By ritpet on May 22, 2010
I completely agree with what Ruth said. If you do not like your allergist find another one but don't try to desenitize your child. It is way to risky and in my opion (and I am sure you probably agree) the possible cost (your child) is not worth it. Please get a second opinion.
By barbfeick on Jun 2, 2010
Dr. Tenpenny is supposedly having some success with desensitizing serious food allergies. Search on "Dr. Tenpenny" and you will find her.
This is only MY personal belief. If the allergy is caused by vaccinations or injections, the chance of much success with desensitization is near zero at this time. If the allergy is caused by leaky gut, you have a better chance.
A major caution - I read of a man who underwent the desensitization and it only got rid of his early warning symptoms. So he did not realize he was being exposed to it until it was too late to avoid a full blown anaphylaxis episode.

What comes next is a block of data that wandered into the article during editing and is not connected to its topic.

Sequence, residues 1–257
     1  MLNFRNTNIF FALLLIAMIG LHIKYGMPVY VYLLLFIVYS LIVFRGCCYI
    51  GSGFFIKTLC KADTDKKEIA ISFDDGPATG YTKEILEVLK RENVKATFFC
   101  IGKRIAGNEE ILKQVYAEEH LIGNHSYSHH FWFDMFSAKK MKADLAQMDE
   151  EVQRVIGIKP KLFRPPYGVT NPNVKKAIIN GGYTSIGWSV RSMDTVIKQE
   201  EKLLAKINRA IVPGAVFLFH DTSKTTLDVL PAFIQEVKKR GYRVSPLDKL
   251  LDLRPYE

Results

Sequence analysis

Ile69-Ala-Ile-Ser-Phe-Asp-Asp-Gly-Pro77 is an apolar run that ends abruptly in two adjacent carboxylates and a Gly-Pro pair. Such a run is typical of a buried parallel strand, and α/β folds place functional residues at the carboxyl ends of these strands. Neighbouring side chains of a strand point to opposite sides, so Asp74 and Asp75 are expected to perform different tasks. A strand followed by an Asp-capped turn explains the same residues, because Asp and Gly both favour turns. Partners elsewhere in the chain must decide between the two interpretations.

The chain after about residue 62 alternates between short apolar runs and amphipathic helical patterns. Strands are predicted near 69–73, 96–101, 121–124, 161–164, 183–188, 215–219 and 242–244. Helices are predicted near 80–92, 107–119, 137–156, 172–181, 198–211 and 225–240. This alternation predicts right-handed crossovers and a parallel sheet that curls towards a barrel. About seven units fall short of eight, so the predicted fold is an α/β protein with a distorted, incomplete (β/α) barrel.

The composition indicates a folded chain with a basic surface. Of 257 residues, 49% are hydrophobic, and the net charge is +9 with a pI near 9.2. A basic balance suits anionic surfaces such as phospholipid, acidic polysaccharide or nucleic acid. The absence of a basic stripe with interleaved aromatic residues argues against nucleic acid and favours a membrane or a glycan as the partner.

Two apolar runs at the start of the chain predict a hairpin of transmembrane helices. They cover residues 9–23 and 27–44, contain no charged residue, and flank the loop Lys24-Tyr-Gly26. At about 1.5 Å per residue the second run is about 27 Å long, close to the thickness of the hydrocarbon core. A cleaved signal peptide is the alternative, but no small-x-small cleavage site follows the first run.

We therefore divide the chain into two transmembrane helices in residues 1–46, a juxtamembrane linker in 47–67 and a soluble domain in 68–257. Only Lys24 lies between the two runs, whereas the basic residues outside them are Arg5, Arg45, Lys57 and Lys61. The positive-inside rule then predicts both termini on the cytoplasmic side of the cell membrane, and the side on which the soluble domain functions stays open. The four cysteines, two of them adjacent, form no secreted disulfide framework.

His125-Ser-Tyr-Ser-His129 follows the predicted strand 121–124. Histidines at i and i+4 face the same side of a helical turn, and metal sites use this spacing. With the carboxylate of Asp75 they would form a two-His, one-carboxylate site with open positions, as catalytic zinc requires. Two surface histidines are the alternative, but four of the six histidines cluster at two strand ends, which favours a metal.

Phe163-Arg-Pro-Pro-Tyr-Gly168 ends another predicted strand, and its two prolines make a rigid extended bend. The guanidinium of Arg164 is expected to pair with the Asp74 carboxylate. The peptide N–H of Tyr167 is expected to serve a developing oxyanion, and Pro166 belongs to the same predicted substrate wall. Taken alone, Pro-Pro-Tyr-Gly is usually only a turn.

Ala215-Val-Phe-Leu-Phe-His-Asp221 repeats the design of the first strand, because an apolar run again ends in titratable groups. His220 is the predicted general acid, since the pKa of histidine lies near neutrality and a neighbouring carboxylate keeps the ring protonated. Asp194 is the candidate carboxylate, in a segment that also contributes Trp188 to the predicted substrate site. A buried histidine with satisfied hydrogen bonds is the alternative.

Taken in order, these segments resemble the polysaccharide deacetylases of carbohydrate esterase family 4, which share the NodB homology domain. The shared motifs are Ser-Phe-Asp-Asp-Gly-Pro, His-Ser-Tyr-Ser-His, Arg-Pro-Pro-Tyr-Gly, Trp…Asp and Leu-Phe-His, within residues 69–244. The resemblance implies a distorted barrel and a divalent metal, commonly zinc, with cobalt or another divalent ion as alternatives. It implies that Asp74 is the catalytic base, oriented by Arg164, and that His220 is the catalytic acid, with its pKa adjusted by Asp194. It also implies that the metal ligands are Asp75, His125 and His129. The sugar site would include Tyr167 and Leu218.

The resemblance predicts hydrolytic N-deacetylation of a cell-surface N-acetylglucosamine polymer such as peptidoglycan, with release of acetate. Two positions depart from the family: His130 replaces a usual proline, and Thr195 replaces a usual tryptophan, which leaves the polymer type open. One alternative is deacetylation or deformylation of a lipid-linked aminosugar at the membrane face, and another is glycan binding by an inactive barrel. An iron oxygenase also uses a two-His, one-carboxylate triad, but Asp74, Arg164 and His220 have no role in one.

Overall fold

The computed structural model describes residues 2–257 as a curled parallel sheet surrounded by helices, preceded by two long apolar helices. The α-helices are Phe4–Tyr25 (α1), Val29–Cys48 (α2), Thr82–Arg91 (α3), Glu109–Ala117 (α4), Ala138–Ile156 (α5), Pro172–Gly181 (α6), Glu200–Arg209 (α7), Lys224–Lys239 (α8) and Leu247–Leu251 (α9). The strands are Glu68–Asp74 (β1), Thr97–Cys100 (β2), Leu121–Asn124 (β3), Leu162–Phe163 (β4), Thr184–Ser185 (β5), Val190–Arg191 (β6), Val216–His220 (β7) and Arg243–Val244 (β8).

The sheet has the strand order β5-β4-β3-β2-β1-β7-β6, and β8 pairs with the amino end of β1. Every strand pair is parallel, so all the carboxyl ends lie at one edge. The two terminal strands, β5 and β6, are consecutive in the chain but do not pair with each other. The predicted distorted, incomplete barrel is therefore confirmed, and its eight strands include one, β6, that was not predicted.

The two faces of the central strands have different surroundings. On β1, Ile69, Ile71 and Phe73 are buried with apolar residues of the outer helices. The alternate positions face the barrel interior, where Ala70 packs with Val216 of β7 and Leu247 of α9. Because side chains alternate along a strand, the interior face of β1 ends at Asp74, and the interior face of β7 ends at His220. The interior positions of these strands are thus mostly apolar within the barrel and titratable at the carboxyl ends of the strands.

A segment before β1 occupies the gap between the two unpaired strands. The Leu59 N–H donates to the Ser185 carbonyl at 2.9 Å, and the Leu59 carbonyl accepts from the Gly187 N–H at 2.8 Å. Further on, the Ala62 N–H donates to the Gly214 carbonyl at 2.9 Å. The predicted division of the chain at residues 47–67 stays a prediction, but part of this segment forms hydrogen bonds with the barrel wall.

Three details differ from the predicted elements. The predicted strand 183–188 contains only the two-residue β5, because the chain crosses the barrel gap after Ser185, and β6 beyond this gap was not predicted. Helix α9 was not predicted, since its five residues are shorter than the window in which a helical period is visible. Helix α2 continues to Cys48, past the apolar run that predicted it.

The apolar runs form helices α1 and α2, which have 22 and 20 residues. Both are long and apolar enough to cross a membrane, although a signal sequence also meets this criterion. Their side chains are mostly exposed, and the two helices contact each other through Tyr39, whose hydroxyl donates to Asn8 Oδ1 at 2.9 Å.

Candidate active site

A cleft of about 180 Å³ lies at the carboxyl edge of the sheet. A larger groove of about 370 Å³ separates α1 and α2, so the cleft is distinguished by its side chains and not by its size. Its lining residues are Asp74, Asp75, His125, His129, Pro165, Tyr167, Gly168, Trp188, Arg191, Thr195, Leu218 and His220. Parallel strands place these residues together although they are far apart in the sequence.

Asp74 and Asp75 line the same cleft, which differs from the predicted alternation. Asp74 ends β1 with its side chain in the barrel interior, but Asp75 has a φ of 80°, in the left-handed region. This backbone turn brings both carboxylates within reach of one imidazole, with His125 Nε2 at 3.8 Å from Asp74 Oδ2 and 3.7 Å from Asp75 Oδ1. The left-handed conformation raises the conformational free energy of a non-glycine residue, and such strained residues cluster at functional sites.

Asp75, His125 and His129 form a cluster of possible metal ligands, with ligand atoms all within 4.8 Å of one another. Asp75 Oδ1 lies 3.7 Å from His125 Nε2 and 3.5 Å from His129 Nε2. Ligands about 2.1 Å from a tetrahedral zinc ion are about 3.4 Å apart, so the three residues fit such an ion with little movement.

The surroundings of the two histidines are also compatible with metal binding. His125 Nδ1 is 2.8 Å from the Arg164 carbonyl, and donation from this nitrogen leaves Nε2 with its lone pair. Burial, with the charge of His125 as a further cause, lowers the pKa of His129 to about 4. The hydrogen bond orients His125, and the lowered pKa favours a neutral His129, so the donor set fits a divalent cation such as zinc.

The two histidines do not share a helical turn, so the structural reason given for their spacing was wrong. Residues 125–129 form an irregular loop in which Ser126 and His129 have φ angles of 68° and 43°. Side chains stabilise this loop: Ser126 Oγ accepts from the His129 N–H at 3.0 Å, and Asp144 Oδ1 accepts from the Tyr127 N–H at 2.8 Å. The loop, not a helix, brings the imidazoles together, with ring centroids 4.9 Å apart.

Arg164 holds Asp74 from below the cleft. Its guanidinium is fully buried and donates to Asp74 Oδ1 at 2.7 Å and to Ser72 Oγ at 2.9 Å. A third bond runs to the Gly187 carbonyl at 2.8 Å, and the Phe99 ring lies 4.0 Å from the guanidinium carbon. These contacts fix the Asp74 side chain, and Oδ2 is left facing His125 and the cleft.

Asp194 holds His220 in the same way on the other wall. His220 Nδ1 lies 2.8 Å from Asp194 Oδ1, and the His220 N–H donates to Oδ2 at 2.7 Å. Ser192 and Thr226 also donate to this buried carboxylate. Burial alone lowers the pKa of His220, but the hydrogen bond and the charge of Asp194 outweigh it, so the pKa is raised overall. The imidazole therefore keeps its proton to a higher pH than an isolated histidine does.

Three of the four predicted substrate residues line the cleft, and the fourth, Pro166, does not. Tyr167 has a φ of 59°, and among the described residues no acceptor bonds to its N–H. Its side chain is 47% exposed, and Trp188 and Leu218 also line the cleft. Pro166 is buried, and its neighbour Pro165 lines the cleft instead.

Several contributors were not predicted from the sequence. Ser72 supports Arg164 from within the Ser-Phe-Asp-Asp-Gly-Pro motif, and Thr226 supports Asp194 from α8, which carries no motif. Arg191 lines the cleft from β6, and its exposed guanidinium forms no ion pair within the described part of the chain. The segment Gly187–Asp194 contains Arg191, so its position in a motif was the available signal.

By pnkid06 on Sep 2, 2012
My daughter has a peanut allergy and I ate it all the time while I was pregnant and while I was nursing. It was a quick easy protein. I didn't have to cook or wonder if I had enough protein to pass on to the baby. I was told this could in part be why she had the allergy. So, don't go jumping to conclusions that this will desensatize you child. I also have a son that could not tolerate gluten through breast milk but was able to eat it just fine on his own. Once again stick to the allegist, thats what thy do.
By K'sMom on Sep 21, 2012
I agree with Ruth's post above. Do NOT try to desensitize your child yourself! Peanut allergy is very serious and unpredictable and you could be putting your child in extreme danger.